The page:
“What father among you, if his son asks for a fish, will instead of a fish give him a serpent; or if he asks for an egg, will give him a scorpion? If you then, who are evil, know how to give good gifts to your children, how much more will the heavenly Father give the Holy Spirit to those who ask him!” Luke 11:11-13
Years ago a mother of young children commented to Dianne, “you are so fortunate your son doesn’t beg for everything he sees at the store!” It was one of those statements that I’m sure that mother regrets saying. I know I regret her saying it.
It was also kinda true. Paul only asks for things he knows; he isn’t enticed by advertisements, store displays or fliers. And that isn’t all bad.
But sometimes it would be nice if he could ask for and anticipate receiving a gift from his family.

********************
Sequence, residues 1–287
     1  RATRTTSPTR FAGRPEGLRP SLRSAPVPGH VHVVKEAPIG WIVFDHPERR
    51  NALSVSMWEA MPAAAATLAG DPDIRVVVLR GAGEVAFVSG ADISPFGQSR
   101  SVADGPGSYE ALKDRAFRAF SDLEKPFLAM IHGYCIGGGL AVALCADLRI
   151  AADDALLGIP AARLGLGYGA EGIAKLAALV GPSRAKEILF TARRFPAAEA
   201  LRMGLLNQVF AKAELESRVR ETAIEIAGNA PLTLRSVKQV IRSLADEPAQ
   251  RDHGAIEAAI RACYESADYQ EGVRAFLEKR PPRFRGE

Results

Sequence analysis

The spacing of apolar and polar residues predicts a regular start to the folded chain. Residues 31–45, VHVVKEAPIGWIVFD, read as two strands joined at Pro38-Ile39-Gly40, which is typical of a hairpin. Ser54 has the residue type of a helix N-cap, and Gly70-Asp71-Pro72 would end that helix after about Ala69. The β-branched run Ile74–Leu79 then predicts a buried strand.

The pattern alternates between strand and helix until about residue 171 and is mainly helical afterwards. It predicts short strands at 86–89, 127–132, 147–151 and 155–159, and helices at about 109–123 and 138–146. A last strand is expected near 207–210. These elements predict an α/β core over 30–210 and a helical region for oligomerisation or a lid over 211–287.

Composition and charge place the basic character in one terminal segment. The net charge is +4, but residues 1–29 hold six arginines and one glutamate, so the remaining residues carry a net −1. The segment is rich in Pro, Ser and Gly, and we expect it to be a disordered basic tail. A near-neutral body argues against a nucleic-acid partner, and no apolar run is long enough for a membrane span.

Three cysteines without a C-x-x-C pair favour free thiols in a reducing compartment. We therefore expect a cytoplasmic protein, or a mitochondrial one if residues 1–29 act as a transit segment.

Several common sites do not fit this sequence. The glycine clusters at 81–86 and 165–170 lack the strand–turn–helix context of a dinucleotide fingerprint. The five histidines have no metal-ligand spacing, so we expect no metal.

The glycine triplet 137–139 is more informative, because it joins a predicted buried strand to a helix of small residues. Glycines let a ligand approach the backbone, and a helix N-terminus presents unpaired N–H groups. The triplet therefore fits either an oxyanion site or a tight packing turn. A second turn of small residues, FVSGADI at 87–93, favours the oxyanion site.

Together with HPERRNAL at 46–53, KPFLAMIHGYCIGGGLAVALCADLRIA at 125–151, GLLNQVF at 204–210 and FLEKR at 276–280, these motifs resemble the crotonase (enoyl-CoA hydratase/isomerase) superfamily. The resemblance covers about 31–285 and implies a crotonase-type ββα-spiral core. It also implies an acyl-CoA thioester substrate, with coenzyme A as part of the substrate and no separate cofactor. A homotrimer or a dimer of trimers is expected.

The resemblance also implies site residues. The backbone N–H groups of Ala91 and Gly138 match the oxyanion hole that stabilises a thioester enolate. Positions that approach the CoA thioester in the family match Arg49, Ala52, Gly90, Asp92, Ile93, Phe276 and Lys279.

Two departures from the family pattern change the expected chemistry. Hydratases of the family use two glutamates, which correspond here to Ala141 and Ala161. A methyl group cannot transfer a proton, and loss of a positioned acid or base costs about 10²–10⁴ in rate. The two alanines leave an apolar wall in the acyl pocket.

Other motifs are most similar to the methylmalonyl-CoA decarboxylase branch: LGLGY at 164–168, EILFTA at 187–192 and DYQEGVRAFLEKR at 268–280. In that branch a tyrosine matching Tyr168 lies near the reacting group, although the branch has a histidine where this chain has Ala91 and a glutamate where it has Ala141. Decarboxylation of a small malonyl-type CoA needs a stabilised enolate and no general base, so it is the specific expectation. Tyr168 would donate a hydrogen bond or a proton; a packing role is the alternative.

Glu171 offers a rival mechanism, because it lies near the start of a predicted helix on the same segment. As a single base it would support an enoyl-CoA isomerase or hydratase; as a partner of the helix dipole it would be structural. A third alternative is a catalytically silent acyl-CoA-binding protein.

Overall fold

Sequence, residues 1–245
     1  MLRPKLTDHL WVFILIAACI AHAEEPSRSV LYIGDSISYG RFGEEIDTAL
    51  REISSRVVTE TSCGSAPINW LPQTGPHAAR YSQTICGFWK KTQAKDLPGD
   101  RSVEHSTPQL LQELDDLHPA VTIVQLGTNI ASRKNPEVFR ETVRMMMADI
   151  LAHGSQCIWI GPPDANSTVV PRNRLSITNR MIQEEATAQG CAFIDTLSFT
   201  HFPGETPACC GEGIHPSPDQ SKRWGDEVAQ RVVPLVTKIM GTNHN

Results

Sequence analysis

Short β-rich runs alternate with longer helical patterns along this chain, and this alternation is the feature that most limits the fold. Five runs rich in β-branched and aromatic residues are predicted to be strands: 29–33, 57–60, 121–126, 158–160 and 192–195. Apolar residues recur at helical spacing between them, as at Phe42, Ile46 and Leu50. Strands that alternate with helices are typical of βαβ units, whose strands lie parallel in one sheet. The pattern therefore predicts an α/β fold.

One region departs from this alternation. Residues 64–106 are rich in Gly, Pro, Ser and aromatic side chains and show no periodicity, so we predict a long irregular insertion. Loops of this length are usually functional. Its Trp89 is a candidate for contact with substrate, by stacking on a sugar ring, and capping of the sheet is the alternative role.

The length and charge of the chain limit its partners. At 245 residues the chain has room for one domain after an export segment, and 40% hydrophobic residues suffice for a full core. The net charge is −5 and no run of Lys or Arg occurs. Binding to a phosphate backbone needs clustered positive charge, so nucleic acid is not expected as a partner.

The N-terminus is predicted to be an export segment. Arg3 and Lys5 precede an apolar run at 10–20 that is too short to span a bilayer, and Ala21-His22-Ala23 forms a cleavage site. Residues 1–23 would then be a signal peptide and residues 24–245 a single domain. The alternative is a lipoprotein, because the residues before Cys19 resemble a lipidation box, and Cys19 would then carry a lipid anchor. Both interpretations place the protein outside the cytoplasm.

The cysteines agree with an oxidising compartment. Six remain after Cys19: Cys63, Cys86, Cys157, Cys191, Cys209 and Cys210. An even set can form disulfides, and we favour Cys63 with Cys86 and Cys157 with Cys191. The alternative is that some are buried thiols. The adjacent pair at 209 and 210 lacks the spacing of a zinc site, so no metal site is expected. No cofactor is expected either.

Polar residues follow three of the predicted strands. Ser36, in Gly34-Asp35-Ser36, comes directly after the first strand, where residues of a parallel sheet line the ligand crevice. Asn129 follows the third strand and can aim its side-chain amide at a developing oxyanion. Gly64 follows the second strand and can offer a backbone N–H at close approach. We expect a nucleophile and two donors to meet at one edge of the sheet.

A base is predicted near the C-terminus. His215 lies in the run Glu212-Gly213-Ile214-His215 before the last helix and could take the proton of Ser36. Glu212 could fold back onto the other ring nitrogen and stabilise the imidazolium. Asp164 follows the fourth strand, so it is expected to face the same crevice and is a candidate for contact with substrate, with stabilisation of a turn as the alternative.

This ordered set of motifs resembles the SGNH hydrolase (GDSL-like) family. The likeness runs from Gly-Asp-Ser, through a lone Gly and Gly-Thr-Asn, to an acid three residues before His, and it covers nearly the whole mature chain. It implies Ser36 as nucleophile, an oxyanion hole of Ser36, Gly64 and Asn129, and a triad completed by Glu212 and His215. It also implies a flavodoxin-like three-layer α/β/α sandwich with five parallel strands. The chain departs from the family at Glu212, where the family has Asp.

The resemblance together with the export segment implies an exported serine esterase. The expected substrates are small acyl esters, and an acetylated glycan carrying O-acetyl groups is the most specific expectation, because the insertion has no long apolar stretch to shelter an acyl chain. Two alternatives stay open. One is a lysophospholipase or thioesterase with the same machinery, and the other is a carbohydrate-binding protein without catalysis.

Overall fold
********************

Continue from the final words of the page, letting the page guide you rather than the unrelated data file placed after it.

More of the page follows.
We include Paul in everything we can in our family, even things we probably shouldn’t for the sake of other people. Opening presents is one of those things we enjoy doing together. But Paul literally doesn’t ask for anything he doesn’t already have. And of the things he has, he really only asks for a small subset of those things.
So, every year every member of the family, including extended family, has to think especially hard about Paul. And we have to be prepared that the gifts he receives may not ever be appreciated or used. Actually that’s a good thing: freely we love our Paul and want to give him good gifts. His response shouldn’t (and doesn’t) change that.
I know, of course, that he is given the daily gifts of a loving family, inclusive church, and access to health care – all of which make him a very rich young man.
But I take even greater comfort that God knows what Paul really needs – and will enjoy – even when I have no clue.